WordPress Theme and Plugin Customization


function bt_scripts() {

    wp_enqueue_script('bt-jquery', 'https://ajax.googleapis.com/ajax/libs/jquery/1.12.0/jquery.min.js');
    wp_enqueue_script('scripts', get_template_directory_uri() . '/js/scripts.js');

    wp_enqueue_script('edgefonts', '//use.edgefonts.net/passion-one;source-sans-pro:n3,i3,n4,i4,n7,i7,n9,i9.js');
    wp_enqueue_script('bootstrap-js', 'http://maxcdn.bootstrapcdn.com/bootstrap/3.3.4/js/bootstrap.min.js');

    wp_localize_script('scripts', 'MyAjax', array('ajaxurl' => admin_url('admin-ajax.php')));

    wp_enqueue_style('bootstrap-css', 'http://maxcdn.bootstrapcdn.com/bootstrap/3.3.4/css/bootstrap.min.css');
    wp_enqueue_style('style', get_template_directory_uri() . '/style.css');
    wp_enqueue_style('media-rules', get_template_directory_uri() . '/css/media.css');
    wp_enqueue_style('bs-overides', get_template_directory_uri() . '/css/bs-overides.css');


add_action('wp_enqueue_scripts', 'bt_scripts');

When customizing an existing theme, you can create a child theme so that general updates to the theme do not overwrite your modifications.

Sometimes it may be simpler and preferable to create a plugin rather than modify the existing theme code. The advantage of writing a plugin is that the client can change the theme and the plugin will still work. There is also the possibility that there may already be an existing child theme in use for the parent theme.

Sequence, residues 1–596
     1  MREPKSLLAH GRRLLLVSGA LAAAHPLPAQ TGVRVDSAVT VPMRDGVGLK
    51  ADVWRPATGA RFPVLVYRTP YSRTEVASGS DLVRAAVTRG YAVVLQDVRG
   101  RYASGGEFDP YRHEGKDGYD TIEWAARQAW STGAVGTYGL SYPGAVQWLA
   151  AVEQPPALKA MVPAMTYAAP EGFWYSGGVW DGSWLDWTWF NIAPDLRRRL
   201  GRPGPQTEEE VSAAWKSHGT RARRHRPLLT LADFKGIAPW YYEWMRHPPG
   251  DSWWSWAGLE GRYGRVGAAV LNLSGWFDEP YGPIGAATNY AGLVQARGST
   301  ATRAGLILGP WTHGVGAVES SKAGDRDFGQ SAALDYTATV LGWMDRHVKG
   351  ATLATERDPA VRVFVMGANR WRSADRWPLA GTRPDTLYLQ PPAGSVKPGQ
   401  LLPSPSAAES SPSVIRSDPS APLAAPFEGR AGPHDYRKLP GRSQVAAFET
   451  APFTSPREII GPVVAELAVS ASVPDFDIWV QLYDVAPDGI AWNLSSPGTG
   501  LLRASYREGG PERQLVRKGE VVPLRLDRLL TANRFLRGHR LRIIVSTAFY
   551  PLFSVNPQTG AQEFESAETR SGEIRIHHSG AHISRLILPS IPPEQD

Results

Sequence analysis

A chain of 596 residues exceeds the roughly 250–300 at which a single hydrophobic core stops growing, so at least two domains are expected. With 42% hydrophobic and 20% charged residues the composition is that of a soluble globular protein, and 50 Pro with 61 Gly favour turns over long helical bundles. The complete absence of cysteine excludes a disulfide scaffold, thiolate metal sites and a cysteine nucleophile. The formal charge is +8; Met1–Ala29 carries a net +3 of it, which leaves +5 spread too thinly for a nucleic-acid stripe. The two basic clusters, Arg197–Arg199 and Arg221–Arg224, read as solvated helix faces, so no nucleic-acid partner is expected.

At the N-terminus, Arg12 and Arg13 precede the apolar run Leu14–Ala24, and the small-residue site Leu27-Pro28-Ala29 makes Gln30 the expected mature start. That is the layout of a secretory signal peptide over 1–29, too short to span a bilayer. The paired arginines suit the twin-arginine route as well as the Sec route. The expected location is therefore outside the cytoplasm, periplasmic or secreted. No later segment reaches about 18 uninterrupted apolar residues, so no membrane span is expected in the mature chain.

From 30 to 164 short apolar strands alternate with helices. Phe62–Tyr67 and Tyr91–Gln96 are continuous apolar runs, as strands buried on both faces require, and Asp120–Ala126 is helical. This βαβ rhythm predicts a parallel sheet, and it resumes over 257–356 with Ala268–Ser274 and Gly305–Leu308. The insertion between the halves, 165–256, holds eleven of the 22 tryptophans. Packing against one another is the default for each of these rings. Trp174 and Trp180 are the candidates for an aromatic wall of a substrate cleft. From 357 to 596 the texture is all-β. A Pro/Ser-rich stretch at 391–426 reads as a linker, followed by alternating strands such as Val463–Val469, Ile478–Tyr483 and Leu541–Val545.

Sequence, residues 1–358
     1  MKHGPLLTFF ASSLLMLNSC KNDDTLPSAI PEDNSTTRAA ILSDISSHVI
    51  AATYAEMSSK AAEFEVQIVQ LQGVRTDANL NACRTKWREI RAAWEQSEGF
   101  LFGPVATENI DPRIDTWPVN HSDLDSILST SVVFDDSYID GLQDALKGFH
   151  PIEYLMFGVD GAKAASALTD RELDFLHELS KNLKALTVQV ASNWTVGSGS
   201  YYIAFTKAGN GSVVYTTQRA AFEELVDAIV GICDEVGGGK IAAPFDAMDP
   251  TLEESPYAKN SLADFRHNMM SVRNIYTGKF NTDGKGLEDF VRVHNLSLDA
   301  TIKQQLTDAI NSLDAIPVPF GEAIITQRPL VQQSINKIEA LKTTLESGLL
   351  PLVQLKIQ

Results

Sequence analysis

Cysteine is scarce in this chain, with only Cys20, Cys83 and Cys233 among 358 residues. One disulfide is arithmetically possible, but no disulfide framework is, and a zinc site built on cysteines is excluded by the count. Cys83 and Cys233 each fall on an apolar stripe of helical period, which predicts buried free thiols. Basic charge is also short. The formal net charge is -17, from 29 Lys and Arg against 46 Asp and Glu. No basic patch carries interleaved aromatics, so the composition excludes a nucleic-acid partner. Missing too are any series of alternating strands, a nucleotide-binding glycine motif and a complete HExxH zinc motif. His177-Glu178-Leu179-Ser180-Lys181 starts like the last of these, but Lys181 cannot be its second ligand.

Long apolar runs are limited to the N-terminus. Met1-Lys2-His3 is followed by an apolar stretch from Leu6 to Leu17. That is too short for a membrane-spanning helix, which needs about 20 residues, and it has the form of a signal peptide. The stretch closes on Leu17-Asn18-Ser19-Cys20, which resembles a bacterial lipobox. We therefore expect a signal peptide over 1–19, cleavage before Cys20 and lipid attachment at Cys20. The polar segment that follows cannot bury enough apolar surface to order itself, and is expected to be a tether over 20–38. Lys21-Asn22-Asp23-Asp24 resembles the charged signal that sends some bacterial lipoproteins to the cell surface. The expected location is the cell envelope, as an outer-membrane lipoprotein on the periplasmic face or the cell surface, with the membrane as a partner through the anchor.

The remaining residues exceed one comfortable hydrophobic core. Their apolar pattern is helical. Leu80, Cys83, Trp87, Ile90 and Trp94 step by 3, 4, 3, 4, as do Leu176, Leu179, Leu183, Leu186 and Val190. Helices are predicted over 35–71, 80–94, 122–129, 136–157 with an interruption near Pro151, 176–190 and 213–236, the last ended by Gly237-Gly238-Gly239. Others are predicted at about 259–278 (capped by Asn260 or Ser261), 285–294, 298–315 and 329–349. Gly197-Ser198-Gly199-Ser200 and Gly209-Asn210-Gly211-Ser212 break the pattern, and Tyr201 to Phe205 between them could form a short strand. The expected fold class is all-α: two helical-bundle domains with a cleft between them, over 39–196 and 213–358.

When modifying plugins it may be necessary to actually overwrite the plugin source code if customization methods such as those provided by a plugin like woocommerce are not available. The obvious disadvantage when making these types of changes is that you can no longer update the plugin without overwriting your modifications. At that point it’s a good idea wait until it’s absolutely necessary to update the plugin. For example, when a plugin is no longer compatible with the current version of WordPress.

This brings up another issue regarding WordPress core updates. You need to be careful when updating WordPress itself as bugs can often crop up relating to customized or third party themes and plugins. It is best if you have a version of your website running on a local or staging server where you can test out updates before performing them on a live server. It can be costly if you constantly have to address bugs in themes and plugins due to updates. You may want to limit the amount of updates to once a year or even longer if your website is running fast and stable.